"Take care of yourselves and each other, and always remember my motto:
It’s ok to work hard, as long as you play harder."
in an email to his parents 7/02
January 16, 2003
I love reading everyone’s stories. I can’t tell you what a comfort this website is to my family. We are sorry we missed many of you while you were in town over the Christmas holidays, but our door is always open and all of you are always welcome. And we love telling and hearing Joe stories! Here are a few of my own…
Growing up, Joe alternated between my favorite playmate and my annoying little brother who would always get me in trouble (like when he told our parents I informed him there was no Santa Claus). I was grounded for that one big-time.
There are simply too many great times growing up to count...Joe and I would bike around College Park, get muddy in the stream by Lake Adair, play Transformers, argue over whose turn it was to pick what TV show we would watch, skip down the beach, get tossed up over the waves endlessly (or until Dad became exhausted), play with our Star Wars action figures, ski ahead of Mom on the trails and disappear into the tree passes, chase each other through the Christmas trees around the Bishop Moore parking lot each December…Invariably, Dad had to retrieve us from the swing set, even when we were in high school (we’d hide from Dad while he was picking out the Christmas tree and sneak off to the swings every year, “just for old times’ sake”).
Joe and I both went to summer camp for years, and we would write to each other. His first year at camp (he must have been 7 or 8), he was homesick and wrote me and our parents heart-wrenching letters. In one, he even drew an arrow to a smudge on the paper: “I miss you and Mom and Dad so much. Here is a tear right here --> .” Mom got letter after letter like this, and started to worry. But by the time he arrived home, Joe was so psyched about camp he bounded through the front door, asking Mom if he could go again next year. That’s Joe all right – whenever we started to worry about him, he’d show up, happy, with that ear-to-ear grin on his face. We were counting on that ability of Joe’s last October.
For those who knew him well, Joe had an off-beat, even devilish sense of humor. During elementary and middle school, we’d write gift-certificates to our parents as Christmas parents. His were classic:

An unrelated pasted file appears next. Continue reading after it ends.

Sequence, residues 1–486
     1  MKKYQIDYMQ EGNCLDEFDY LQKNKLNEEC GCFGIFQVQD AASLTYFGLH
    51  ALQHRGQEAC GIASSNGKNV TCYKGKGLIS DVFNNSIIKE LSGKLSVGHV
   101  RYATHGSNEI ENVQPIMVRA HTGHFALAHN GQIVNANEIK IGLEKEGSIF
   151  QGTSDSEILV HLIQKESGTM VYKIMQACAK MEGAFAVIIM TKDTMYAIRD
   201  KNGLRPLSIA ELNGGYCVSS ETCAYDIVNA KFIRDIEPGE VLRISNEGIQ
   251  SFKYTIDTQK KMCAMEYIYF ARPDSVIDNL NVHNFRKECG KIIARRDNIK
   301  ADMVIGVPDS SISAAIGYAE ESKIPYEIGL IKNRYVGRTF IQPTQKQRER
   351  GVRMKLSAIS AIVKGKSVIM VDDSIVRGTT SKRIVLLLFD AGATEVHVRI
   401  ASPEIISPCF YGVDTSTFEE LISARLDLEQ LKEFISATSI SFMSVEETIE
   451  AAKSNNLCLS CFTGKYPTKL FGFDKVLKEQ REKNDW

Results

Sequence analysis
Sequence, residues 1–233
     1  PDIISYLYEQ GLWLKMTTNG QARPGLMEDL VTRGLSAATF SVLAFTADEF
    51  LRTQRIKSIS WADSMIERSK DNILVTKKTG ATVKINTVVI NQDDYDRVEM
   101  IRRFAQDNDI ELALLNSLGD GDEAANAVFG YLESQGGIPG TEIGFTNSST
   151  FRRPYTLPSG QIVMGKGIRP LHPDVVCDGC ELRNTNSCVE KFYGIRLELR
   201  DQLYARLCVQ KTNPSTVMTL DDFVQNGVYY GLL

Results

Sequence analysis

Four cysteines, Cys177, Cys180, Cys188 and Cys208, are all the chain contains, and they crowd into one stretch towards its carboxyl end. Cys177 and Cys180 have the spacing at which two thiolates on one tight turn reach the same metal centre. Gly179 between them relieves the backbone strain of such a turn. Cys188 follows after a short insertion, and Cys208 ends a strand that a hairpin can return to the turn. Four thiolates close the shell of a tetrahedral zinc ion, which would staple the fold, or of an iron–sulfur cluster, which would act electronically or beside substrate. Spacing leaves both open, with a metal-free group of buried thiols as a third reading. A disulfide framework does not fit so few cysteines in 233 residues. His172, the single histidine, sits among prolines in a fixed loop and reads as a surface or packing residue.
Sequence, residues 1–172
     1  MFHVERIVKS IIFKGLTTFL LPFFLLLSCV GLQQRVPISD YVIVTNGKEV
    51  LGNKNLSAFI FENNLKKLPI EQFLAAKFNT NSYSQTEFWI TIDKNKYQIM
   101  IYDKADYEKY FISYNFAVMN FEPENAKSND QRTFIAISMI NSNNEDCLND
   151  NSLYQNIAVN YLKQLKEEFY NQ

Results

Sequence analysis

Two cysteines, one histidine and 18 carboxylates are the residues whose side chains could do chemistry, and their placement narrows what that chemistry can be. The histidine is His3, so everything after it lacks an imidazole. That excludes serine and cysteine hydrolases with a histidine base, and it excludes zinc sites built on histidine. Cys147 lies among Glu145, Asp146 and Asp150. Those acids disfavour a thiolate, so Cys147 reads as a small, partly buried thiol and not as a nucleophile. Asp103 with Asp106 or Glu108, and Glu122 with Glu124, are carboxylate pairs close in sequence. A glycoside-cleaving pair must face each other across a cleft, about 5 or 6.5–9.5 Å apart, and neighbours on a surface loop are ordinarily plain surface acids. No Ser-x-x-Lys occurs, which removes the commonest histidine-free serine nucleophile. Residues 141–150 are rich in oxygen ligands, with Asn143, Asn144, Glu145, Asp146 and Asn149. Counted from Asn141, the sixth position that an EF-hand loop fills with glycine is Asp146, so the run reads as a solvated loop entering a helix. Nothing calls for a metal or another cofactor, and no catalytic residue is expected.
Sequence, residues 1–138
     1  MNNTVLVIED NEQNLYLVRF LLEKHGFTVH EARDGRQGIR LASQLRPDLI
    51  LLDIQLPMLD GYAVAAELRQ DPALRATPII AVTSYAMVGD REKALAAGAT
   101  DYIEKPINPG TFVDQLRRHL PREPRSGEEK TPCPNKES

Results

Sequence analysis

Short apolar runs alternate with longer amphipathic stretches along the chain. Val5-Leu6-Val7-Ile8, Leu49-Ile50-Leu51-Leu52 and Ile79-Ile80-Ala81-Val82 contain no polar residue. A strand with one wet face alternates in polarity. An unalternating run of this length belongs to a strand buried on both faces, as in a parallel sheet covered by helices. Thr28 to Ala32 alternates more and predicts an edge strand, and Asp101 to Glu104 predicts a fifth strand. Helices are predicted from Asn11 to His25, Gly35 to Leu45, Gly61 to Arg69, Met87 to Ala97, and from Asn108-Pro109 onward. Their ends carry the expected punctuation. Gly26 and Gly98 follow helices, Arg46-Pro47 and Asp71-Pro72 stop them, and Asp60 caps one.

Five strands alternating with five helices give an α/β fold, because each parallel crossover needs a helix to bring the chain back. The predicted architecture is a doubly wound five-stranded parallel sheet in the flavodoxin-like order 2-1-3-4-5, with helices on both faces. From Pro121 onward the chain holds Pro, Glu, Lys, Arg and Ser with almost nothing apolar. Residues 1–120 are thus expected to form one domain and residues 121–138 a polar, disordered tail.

‘This certificate entitles Julie Milligan to a 10-minute back massage when she’s tired.’
‘This certificate entitles Julie Milligan to make Joe Milligan go shopping with her one day, if she’s lonely and needs company.’
‘This certificate entitles George or Julie Milligan to make Joe Milligan do a chore without whining.’ As a P.S., he added: ‘Just don’t make it too hard!’
One of my favorite examples of Joe’s humor is a birthday card he wrote me one year – for my twelfth or thirteenth birthday, I think. Actually, it wasn’t even the card that was so funny, it was the envelope. He wrote:
From: Mom’s Favorite. (Don’t tell her – she told me not to tell!)
That encapsulates Joe’s sense of humor, I think. Off-beat, over the top, and hilarious.
But Joe had a serious side as well. People who knew him well, especially women, describe him as one of the most sensitive men they’ve ever known. When we were younger, Joe and I talked about everything, even really personal topics; there was nothing that we hid from each other.
I will always cherish a conversation I had with Joe two Thanksgivings ago, when he was back from Australia and I came back from West Africa for the holiday. We were talking about our life philosophies – over a bag of chips and salsa, of course. Very serious. As I see it, our purpose in this life is to utilize the gifts we’ve been given to create beauty where none existed before – whether that is raising a child, making people laugh, or dedicating your life to helping others. Joe nodded. “I back that.”
He was silent for a minute, and then said, “I believe that the ocean heals all things. That’s the philosophy I live by.”
Cheers to that, Joe. I will forever see you in every coastline, in every crashing wave, in every endless blue horizon, and in every sunset that sets the sky ablaze. You saw some glorious ones, without a doubt.
I want to reprint here the poem we put on the back of Joe’s memorial service program, because we have found it immensely comforting. Maybe some of you will too.
Had I known that you were going
I could have given you,
At least, good speed.
But you slipped away so suddenly
That I was left standing on the shore
Watching into space,
Not knowing that you would never come back,
Till I felt the waters of the incoming tide
Cold about my heart.
I do not ask for you again,
I know the sea you sail does not touch these shores.
I only look for a distant “all hail”, like the white crest
of a wave against the horizon,
Or a signal light flashing once, sharp against the sky.
Sail on, [beloved son, brother and friend]!
Let out a full sheet to your new winds,
Taste the clear spray of your new waters.
You were made for flight and swiftness
And eternal freedom.
Nothing shall weigh you down
Or call you back to the sweet earth,
Or the shape we knew,
Or the place that held you immeasurably dear.
I have cut the anchor that bound you to me,
And the great strength of my love,
And the heavy ache of my loneliness,
Which might bear upon you and hold you back,
I have fashioned into a shining silken fabric
To be the highest and strongest of your new sails.
Let none of us here on Earth, nor our grief, our ache, our loneliness, hold you back, Joe.
Let us all work to bring beauty into this world, in honor of your memory.
Let each of us, in our own way, fashion our own shining, silken fabric for you.
Let all of us stitch our patchwork pieces together, creating a brilliant, quilted sail.
And let it be your strongest, most glorious sail, pushing you ever higher on your eternal flight in heaven.
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